Another thing I found out in my Jurassic era researches was the variety of large aquatic reptiles living then.  Taking a boat or swimming in Gondwane may lead to a run-in with one of these:

The Shoal Lurker is a teleidosaur, a kind of crocodilian that has taken completely to the water.  With its paddle-like feet and shark-like tail, it’s sure to be a fast swimmer. However, they’re not armored like the crocodiles we know today.

The Shoal Terror is a dakosaurus, another totally aquatic crocodilian.  Whereas the Shoal Lurker feeds mostly on fish and may only occasionally harm man, the Shoal Terror is an apex predator that can and will attack anything near its size or less.

Long-Neck to the Gondwaneans of course refers to plesiosaurs, which however are generally harmless to man; their heads and jaws are too small for man-size prey.  The only time Gondwaneans fear the Long-Neck’s bite is when hunting them with harpoons, or when they intrude on their mating lagoons.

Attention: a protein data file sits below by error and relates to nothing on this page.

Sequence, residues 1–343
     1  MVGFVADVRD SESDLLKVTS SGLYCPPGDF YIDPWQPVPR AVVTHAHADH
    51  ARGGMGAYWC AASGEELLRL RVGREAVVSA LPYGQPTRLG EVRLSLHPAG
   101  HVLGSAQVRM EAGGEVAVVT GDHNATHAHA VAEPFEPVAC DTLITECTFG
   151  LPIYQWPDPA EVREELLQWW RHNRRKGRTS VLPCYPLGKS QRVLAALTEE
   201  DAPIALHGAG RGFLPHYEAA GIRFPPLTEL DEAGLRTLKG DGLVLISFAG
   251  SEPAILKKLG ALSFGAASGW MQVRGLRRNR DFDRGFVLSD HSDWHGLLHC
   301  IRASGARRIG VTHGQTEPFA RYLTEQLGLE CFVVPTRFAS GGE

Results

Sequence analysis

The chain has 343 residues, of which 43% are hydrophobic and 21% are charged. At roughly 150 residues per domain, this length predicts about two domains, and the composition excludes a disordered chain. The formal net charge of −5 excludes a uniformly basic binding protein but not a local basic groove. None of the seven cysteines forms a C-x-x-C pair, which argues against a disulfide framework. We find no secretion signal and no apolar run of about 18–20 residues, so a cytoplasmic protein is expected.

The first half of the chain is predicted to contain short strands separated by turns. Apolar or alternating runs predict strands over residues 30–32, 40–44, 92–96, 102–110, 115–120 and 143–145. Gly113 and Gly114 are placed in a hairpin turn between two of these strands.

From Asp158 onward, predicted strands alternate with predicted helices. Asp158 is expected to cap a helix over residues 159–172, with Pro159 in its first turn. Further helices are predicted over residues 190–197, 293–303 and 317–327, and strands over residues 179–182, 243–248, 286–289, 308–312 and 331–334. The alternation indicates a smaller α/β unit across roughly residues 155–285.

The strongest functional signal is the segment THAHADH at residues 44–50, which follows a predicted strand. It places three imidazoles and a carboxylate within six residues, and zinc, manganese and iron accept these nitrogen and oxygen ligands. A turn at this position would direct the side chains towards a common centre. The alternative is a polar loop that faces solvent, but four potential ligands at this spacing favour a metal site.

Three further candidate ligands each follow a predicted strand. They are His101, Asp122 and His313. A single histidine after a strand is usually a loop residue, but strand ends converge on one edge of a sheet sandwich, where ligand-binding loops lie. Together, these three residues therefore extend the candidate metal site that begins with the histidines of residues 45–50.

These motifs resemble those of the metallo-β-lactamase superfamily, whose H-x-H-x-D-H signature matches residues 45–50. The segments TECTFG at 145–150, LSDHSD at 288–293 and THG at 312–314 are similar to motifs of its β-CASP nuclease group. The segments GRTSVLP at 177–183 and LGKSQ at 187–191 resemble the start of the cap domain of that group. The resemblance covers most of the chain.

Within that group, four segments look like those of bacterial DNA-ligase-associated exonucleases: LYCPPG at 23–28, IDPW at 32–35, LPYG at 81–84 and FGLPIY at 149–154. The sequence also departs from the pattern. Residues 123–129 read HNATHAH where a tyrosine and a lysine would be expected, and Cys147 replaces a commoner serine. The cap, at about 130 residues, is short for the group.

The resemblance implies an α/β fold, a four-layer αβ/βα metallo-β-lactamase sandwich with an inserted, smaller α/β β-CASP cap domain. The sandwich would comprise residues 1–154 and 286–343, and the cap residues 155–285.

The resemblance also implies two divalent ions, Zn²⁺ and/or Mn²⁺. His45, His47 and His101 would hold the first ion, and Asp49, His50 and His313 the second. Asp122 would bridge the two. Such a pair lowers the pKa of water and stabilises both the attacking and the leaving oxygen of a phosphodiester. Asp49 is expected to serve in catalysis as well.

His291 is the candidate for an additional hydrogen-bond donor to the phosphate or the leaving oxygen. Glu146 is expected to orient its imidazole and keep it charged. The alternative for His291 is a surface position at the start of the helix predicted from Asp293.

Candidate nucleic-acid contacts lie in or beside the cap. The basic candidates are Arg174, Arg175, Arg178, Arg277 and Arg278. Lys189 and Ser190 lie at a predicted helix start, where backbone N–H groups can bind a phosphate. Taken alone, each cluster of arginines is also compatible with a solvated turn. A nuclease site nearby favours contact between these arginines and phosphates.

What the Gondwaneans truly fear are the Longjaws, the big ferocious pliosaurs like the Liopleuredon illustrated above. These creatures can and do hunt larger prey, and will not hesitate to attack a human being in the water.

The Stonebiter is a living fossil in Gondwane, inhabiting only a few lakes and inland seas.  With its incredibly powerful bite, it can feed on anything it can seize with its jaws – and at 20-30’ long, that includes humans and many of the smaller dinosaurs.

The Stonebiter is of course based on the Dunkleostus, a fish that scared the bejabbers out of me when as a five- or six-year old kid I first saw an illo of it in my How And Why Wonder Books.  It’s really from the Devonian period, but it’s pretty easy to posit enclaves holding out in some places.